So let’s take a deeper look at some of the trends driving D2C health and the hurdles companies may face along the way. For this issue of Second Opinion, I tapped the brains of two of the smartest D2C health investors I know: ACME’s Aike Ho and Canaan’s Byron Ling. Between them, they’ve backed brands including Curology, Tia, Papa, Kin, Uniform Teeth, Brightside and more.
Here's what they had to say:
Source: Kaiser Family Foundation via Fortune
‘No room to hide’
The beauty of D2C health is that companies can’t hide behind a bad product that doesn’t engage its users. For years, too many businesses in digital health got contracts with payers that allowed them to sell on the basis of the total number of eligible members versus those who used it or benefited from it. In other words, companies can succeed when utilization remains low. Today, despite an increasing interest from payers in innovative per-outcomes models, Per Employee Per Month (PEPM) models still reign supreme.
With D2C health, teams are forced to build products that provide so much utility to the customer that they’re willing to pay for it. And ideally - although some solutions may be intended to be used only once or a few times - they’ll come back for more.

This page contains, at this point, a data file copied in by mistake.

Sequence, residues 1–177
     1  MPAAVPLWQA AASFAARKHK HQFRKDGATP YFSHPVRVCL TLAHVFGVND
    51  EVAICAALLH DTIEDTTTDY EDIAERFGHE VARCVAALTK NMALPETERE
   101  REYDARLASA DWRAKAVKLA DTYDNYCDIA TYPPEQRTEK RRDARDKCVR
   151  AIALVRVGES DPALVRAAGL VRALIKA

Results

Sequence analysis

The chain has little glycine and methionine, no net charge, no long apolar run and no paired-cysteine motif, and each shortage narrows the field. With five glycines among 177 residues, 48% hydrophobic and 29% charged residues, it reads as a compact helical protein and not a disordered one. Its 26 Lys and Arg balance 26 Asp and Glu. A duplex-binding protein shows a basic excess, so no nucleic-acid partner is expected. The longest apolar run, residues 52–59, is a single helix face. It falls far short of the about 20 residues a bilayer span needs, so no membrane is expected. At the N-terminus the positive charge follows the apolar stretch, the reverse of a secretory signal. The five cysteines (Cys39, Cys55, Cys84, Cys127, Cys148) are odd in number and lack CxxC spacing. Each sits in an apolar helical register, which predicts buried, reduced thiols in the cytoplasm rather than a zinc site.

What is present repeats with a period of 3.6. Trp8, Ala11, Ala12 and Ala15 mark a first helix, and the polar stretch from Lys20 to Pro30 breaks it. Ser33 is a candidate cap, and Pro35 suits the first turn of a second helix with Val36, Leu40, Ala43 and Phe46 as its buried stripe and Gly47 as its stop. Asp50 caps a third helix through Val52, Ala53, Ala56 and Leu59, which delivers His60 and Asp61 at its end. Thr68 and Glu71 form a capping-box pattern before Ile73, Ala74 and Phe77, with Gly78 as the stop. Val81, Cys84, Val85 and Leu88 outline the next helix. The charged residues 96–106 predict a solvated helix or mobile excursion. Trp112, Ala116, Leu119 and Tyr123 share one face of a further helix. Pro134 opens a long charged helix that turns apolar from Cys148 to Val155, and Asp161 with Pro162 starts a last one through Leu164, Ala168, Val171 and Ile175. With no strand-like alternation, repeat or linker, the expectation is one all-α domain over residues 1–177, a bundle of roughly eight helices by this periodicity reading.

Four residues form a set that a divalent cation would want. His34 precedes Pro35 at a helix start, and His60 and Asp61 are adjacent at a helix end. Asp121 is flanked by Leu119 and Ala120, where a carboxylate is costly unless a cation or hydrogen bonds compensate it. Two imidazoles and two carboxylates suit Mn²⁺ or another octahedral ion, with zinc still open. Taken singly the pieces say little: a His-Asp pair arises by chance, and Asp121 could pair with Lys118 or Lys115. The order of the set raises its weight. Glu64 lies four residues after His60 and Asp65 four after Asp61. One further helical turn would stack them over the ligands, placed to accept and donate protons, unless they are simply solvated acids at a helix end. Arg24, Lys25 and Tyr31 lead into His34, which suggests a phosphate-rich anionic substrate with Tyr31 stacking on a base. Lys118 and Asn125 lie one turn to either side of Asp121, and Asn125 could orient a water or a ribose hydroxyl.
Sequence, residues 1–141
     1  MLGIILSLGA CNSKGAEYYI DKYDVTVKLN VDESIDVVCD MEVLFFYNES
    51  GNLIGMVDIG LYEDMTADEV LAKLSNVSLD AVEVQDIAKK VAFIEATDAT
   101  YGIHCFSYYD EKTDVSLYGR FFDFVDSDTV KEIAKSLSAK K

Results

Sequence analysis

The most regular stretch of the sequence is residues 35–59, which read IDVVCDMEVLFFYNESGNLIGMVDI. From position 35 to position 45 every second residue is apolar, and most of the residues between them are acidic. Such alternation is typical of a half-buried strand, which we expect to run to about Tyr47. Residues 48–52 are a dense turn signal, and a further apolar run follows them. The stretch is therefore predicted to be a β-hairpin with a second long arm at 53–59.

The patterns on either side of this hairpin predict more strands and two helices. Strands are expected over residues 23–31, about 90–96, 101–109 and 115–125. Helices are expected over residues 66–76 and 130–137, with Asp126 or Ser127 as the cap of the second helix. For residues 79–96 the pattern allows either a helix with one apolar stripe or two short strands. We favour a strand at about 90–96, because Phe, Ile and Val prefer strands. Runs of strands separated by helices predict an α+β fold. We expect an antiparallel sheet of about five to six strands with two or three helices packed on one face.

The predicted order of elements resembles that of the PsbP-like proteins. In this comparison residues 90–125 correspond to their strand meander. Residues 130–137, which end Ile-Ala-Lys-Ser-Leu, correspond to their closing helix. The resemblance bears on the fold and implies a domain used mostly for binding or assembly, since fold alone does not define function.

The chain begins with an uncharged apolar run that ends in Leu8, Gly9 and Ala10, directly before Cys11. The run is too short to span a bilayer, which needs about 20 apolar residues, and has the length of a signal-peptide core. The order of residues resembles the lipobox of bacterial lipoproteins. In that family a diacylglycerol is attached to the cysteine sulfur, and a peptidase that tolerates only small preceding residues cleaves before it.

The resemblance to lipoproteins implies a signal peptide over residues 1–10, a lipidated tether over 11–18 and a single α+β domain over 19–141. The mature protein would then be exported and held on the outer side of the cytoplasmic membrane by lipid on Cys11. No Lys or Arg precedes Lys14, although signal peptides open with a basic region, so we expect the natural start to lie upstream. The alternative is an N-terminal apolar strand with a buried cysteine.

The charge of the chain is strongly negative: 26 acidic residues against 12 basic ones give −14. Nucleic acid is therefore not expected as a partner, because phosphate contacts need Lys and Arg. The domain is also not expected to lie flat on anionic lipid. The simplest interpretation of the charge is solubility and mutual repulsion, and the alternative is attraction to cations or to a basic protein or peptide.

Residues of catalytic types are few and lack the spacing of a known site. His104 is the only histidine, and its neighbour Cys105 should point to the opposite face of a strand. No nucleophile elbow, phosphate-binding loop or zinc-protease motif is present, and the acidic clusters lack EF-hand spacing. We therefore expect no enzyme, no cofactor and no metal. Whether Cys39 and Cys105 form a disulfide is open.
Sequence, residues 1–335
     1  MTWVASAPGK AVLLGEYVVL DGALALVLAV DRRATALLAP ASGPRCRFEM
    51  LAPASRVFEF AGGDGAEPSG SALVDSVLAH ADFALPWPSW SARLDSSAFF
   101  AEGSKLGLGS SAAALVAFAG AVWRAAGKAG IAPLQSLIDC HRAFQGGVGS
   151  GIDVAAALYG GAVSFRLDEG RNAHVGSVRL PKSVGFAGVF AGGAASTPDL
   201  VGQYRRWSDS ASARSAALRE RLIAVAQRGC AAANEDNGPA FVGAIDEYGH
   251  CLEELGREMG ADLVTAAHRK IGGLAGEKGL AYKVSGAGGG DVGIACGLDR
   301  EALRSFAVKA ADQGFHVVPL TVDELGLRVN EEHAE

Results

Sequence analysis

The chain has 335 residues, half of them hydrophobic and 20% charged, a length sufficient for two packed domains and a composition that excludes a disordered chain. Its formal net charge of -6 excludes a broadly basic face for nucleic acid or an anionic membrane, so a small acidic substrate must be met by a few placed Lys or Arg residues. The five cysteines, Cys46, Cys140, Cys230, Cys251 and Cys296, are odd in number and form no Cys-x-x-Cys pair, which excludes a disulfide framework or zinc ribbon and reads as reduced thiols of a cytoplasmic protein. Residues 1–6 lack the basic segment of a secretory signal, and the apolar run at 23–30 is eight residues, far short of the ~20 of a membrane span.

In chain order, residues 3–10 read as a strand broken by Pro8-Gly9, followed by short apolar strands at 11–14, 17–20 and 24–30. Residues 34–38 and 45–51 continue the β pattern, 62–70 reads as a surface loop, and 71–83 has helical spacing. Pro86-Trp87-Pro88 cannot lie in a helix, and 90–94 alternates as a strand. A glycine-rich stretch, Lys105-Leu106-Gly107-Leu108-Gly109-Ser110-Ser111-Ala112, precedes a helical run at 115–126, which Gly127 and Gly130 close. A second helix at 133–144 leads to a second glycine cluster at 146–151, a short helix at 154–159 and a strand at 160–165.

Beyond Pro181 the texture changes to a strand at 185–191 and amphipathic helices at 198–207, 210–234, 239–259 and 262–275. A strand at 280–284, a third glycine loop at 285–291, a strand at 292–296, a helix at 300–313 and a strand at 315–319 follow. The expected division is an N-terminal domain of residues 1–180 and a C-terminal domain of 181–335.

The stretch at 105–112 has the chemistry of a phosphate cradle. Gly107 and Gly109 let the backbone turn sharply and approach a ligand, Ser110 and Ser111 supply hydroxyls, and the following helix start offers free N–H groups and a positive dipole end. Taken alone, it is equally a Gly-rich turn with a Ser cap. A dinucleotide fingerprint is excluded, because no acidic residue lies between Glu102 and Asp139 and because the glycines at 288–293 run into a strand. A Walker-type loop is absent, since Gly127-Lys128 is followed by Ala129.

“There’s no room to hide with D2C health,” said Ho. “You either have a good product or you don’t.”
On a personal note, Ho’s own journey into health care investing began when she was diagnosed with cancer. She’s fully recovered, but saw first-hand how vulnerable and powerless it can feel to be a patient in the health care system. “I think this led me to take a more product-centric view,” she told me.
Ho has a special appreciation for businesses that can earn their revenue because customers love their products and derive real value from them, versus those that got a massive enterprise contract right off the bat. But she also recognizes that not all types of health care businesses make sense for a D2C model. So here’s what she looks for when assessing whether to make an investment: